In spite of these differences, there are some similarities too. In all societies, boys and girls are socialized in different ways. Boys are given more freedom than girls. Boys have the freedom to experiment and do physically demanding tasks, whereas girls are taught to do domestic work and prepared for child rearing.
Unique situations or events can also contribute to shaping the personality. Having an abusive parent, encountering a major accident, or witnessing a murder, etc can leave scars that won’t wear off easily. It can make people fearful and less trusting.
Theories are very important in studying personality for several reasons.
- They help us organize what is already known or suspected about a set of data.
- They serve a heuristic function, i.e. they suggest, by organizing important facts, what kind of research needs to be done to fill in missing information.
- They provide a formal statement of the central principles of its subject matter.
- Theories identify the important aspects of a phenomenon.
The following are some important theories of personality
According to the Diagnostic and Statistical Manual of the American Psychiatric Association, personality traits are “enduring patterns of perceiving, relating to, and thinking about the environment and oneself that are exhibited in a wide range of social and personal contexts.” Traits are enduring, stable attributes or characteristics of a person.
Gordon Allport was a pioneer in the field of trait theory. According to him, there are different kinds of traits, which he also called dispositions. Central traits are the building blocks of personality. They are the very basic traits. Secondary traits are the ones which are not very obvious, and are more peripheral. Cardinal traits are the ones which define a person’s life. These are the ones by which a person is recognized.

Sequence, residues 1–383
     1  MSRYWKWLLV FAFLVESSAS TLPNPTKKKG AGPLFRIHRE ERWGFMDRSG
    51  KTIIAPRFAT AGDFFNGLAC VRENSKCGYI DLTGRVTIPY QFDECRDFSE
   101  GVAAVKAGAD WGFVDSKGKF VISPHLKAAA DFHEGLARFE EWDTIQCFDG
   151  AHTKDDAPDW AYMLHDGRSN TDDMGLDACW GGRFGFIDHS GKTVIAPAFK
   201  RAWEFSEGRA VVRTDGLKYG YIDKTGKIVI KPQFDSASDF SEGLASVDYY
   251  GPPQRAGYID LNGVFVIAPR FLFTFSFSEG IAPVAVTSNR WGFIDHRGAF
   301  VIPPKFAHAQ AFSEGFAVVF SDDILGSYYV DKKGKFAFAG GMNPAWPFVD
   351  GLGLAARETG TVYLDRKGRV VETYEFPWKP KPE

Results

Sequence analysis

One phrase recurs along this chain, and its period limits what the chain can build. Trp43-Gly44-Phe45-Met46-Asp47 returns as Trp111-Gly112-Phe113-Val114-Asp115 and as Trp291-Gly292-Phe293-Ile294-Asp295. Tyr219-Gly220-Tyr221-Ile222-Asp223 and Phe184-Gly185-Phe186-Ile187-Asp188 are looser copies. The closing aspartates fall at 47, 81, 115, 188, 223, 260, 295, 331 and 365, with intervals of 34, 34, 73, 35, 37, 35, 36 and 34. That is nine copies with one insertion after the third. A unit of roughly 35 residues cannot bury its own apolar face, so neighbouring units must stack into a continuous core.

Another important which forms part of trait theories is the Five Factor Model, also known as “Big Five”. According to this literature, personality has five important dimensions.
Openness to Experience – the tendency to be imaginative, independent, and interested in variety vs. practical, conforming, and interested in routine.
Conscientiousness – the tendency to be organized, careful, and disciplined vs. disorganized, careless, and impulsive.
Extraversion – the tendency to be sociable, fun-loving, and affectionate vs. retiring, somber, and reserved.
Agreeableness – the tendency to be softhearted, trusting, and helpful vs. ruthless, suspicious, and uncooperative.
Neuroticism – the tendency to be calm, secure, and self-satisfied vs. anxious, insecure, and self-pitying.
Some of the major criticisms against trait theories are that they are purely descriptive and hardly or provide any explanations for the causes behind personality and that the analysis is often very superficial. They often do not take into account the effect of specific situations on an individual’s behaviour.
Type theories classify people into distinct categories. The major difference between trait and type is that traits come in varying degrees or levels, whereas types are absolute. For example, take extraversion. Trait theory suggests that introversion and extraversion are part of a continuous dimension, and people are in the middle. Type theory classifies people as introverts and extraverts, and nothing in between.
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An important literature in the field of type theories is the Myers-Briggs Type Indicator (MBTI), developed by Katharine Cook Briggs and Isabel Briggs Myers. It is a psychometric questionnaire designed to measure psychological preferences of people and how they perceive the world and make decisions. It is based on the theory of psychology type developed by Carl Jung. MBTI uses a four-scale structure for identifying and categorizing an individual’s behavioral preferences. Each of these scales represents two opposing structures. They are:
“Extraversion or Introversion” – It shows the orientation of an individual’s behaviour, whether it is outward or inward.